Australia’s disadvantaged fall behind in bowel cancer
31 July 2019
New Cancer Council analysis has shown Australians living in our most disadvantaged areas have significantly higher bowel cancer incidence rates and are being left behind in bowel cancer screening, compared to the most advantaged Australians.
The Australian Cancer Atlas shows nearly a quarter (21%) of the most disadvantaged regions in Australia have a higher than average incidence of bowel cancer, compared to less than 1% of our most advantaged regions.
Simultaneously, Australian Institute of Health and Welfare data from the 2018 National Bowel Cancer Screening Program Monitoring Report has shown participation rates for the bowel screening program were highest for people living in the most advantaged areas (43%), and lowest for people living in the most disadvantaged areas (39%).
The National Bowel Cancer Screening Program is designed to detect blood in the stool, which can be a sign of cancer or pre-cancerous lesions. If found early, 90% of bowel cancers can be successfully treated.
Professor Sanchia Aranda, CEO, Cancer Council Australia said, “Australia has some of the best cancer outcomes in the world however, our most disadvantaged Australians are falling behind.
“We know that the most disadvantaged Australians, many of whom live in regional and remote areas, are one third more likely to die from bowel cancer than Australians living in the most advantaged areas. Participating in the screening program is one of the best things eligible Australians can do to reduce their risk of dying from bowel cancer.”
“The disparity between our most and least advantaged regions returning their bowel cancer screening test kits shows that even though the free test is being sent to Australians aged 50-74, we need to ensure all Australians know what the test is and why it is important, so that they do it when it is sent to them in the mail.
Professor Aranda continued, “In addition to lifting screening rates, we also need to be educating Australians about the factors that influence your risk of developing bowel cancer and those factors we can change.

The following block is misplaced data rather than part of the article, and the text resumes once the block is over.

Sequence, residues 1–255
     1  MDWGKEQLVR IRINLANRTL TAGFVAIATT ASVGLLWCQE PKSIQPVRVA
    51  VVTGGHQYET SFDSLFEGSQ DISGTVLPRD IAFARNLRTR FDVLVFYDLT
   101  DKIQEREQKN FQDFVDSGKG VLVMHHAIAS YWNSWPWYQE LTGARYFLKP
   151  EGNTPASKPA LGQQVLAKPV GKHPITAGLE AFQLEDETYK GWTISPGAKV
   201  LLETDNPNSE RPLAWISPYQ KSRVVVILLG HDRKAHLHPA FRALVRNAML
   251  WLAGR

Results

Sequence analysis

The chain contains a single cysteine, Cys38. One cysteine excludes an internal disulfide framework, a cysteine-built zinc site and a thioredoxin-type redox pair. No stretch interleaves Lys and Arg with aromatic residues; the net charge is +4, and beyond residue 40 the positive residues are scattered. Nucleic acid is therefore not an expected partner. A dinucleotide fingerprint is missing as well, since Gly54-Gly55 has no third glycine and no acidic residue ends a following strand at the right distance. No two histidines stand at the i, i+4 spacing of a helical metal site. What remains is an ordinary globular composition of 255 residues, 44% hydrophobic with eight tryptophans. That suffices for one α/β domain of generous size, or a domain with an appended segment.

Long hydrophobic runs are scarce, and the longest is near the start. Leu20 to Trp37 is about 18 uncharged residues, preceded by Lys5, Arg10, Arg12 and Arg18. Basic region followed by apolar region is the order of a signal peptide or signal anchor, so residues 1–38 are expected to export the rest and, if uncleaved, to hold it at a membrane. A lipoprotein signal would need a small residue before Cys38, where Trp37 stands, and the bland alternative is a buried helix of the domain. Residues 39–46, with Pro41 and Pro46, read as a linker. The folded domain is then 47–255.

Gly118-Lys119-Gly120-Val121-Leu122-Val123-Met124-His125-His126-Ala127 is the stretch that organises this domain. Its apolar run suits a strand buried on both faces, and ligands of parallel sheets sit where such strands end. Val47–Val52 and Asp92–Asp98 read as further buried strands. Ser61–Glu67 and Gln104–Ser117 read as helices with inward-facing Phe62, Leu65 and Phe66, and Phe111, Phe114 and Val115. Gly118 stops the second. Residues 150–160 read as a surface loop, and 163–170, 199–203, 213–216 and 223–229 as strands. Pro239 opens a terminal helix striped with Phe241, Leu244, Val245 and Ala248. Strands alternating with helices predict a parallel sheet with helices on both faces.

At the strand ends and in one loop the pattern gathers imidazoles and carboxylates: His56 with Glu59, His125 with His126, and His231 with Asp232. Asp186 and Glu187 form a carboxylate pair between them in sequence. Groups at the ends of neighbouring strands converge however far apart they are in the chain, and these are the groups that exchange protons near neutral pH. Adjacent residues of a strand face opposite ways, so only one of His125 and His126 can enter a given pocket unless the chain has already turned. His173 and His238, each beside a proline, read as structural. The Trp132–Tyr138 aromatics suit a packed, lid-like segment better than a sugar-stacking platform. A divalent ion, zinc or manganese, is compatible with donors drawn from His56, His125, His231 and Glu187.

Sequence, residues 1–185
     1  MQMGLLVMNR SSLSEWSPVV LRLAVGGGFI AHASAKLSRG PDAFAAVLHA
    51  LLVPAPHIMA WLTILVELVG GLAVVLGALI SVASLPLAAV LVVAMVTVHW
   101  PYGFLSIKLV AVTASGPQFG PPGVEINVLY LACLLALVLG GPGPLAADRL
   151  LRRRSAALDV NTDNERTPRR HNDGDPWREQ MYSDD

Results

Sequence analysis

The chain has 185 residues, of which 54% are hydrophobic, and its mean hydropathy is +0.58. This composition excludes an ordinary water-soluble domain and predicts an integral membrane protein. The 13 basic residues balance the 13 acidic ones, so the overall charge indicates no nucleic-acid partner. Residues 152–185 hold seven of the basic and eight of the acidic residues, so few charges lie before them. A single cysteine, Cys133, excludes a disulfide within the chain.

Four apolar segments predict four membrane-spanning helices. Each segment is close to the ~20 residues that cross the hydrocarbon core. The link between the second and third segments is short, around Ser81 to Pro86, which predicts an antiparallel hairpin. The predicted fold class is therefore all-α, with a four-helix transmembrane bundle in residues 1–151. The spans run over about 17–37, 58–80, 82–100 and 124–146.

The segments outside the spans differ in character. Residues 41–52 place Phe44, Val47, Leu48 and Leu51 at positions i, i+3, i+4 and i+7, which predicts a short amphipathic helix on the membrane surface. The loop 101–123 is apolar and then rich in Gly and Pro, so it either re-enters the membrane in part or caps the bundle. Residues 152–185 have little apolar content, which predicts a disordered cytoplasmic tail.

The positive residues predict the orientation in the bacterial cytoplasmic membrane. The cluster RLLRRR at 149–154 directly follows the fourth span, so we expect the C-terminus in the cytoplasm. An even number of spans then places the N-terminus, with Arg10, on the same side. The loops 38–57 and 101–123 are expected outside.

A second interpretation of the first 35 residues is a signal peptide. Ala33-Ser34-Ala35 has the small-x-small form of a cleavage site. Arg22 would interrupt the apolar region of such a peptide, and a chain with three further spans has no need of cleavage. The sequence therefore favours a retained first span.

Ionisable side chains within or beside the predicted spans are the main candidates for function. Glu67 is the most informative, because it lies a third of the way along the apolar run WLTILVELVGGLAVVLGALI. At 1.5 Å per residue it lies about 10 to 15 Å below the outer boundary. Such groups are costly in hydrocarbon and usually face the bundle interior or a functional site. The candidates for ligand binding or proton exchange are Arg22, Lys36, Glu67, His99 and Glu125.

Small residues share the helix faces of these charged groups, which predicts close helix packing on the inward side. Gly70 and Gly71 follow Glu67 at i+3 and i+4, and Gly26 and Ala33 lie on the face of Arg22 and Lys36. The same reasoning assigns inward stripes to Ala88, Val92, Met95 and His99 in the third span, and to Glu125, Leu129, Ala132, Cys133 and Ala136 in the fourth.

“Lifestyle factors that can increase your risk of bowel cancer include poor diet, physical inactivity, alcohol, obesity and smoking.
“Maintaining a healthy body weight, enjoying a healthy diet with plenty of fresh fruit and vegetables and limiting red and processed meats can all contribute to reducing your bowel cancer risk so we would encourage all Australians to take steps to make these changes.”
Other factors such as older age, family history of bowel cancer and having conditions such as inflammatory bowel disease also increase the risk of bowel cancer.
Currently only four in 10 eligible Australians participate in the National Bowel Cancer Screening Program. Studies have shown, if this figure is increased to six in 10 it could save 84,000 lives over the next 20 years.
Free bowel screening tests are sent by the Australian government every two years to eligible Australians aged 50-74.
All Australians should be aware of the symptoms of bowel cancer such as unexplained blood in their poo or toilet bowl, persistent changes in bowel habits, persistent abdominal pain or cramping, or unexplained weight loss, and get anything unusual checked out regardless of their age or when they last completed the screening test.
Cancer Council’s national bowel cancer screening media campaign is funded through a $10 million Federal Government grant.